Fuerte Apache

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Fuerte Apache
Coordinates: 34°37′14″S 58°32′21″W / 34.62056°S 58.53917°W / -34.62056; -58.53917Coordinates: 34°37′14″S 58°32′21″W / 34.62056°S 58.53917°W / -34.62056; -58.53917
Country Argentina
ProvinceBandera Buenos Aires.svg Buenos Aires
PartidoTres de Febrero
23 m (75 ft)
CPA Base
B 1702
Area code(s)+54 11

Barrio Ejército de los Andes, better known as Fuerte Apache, is a neighbourhood of Ciudadela near the city of Buenos Aires, Argentina.


The neighborhood arose during the dictatorship of Juan Carlos Onganía in 1966, as part of a plan for the eradication of illegal settlements. This took place in stages, one of which coincided with the construction of the soccer stadiums for the 1978 World Cup. The military wanted it to be a well-guarded settlement, primarily for the poor. They deposited many people there who had been removed from the Villa 31 slum in Retiro.[1] According to the 2001 census, Fuerte Apache houses 17,777 people in 4,657 residences, although up to four times that number may reside in the complex, as many families lease spare rooms for extra income.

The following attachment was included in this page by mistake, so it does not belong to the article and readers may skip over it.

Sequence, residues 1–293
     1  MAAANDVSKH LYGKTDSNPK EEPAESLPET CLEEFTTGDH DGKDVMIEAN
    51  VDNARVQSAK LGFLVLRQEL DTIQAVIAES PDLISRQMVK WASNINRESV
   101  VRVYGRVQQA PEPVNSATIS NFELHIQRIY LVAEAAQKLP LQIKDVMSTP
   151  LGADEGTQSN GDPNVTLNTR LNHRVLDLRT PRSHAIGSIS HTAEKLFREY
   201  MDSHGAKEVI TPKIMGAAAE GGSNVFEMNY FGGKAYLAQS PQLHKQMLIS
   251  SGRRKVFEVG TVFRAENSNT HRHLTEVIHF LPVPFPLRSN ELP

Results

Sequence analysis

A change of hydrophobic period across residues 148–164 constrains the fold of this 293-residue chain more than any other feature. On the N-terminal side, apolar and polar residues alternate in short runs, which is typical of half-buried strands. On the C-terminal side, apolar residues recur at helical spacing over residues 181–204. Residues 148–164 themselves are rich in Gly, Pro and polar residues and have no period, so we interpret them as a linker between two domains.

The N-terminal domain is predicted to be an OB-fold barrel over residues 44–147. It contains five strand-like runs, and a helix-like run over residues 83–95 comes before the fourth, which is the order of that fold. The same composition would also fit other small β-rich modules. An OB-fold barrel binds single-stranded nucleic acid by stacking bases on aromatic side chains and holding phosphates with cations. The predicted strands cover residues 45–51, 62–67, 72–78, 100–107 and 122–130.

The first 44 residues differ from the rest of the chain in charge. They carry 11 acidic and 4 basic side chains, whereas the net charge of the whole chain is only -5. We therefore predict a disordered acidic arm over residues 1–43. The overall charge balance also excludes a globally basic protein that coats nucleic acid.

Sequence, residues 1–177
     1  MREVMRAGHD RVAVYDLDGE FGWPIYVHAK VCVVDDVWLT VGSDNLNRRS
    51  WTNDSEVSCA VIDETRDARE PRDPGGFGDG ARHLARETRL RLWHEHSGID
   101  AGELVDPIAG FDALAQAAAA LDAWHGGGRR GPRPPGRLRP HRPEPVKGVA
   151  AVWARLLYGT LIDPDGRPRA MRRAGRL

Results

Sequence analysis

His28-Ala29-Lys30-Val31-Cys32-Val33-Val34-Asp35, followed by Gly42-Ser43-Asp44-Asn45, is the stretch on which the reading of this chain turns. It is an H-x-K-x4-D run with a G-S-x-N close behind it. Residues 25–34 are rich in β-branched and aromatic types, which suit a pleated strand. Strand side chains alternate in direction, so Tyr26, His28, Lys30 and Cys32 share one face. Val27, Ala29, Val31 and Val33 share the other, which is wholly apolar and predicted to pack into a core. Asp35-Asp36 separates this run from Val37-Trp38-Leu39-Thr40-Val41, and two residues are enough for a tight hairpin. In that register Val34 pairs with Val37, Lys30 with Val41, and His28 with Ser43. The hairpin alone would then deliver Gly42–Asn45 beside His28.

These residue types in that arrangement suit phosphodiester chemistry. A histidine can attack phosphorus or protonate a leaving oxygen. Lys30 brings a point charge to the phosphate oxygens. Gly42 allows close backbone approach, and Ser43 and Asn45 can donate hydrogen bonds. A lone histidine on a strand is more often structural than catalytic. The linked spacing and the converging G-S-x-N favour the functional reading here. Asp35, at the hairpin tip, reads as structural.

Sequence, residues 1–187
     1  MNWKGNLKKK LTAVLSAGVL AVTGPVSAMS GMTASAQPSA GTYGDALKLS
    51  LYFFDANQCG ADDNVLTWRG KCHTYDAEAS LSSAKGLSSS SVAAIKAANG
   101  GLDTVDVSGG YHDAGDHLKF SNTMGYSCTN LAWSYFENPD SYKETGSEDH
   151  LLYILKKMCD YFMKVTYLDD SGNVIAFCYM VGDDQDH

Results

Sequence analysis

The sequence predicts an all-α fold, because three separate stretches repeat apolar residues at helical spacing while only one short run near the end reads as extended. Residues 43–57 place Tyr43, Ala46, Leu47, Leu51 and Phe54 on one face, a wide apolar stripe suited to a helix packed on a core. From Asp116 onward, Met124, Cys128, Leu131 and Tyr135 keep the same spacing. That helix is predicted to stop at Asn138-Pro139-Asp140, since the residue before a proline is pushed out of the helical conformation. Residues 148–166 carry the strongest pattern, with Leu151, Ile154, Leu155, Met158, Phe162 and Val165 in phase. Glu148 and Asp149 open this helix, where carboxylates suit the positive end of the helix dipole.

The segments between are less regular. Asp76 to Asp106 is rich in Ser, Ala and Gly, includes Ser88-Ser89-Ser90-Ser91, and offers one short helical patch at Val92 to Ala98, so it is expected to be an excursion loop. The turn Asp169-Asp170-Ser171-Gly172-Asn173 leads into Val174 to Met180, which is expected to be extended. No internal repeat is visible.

During a brief period between dictatorships, the neighbourhood was christened "Liberation Father Mugica" in 1974, in honor of the anti-poverty activist, who had been murdered days before by paramilitary squads. The military renamed it "Ejército de los Andes" ('Army of the Andes') in 1976,[1] and the nickname Fuerte Apache was given by the journalist José de Zer alluding to the movie Fort Apache, The Bronx while reporting about a gunfight in the complex.[2]


  1. ^ a b Clarín (10/31/2000) (in Spanish)
  2. ^ Una guerra de piedras en el Fuerte Página/12. 3 November 2000.

External links[edit]

  • Municipal information: Municipal Affairs Federal Institute (IFAM), Municipal Affairs Secretariat, Ministry of Interior, Argentina. (in Spanish)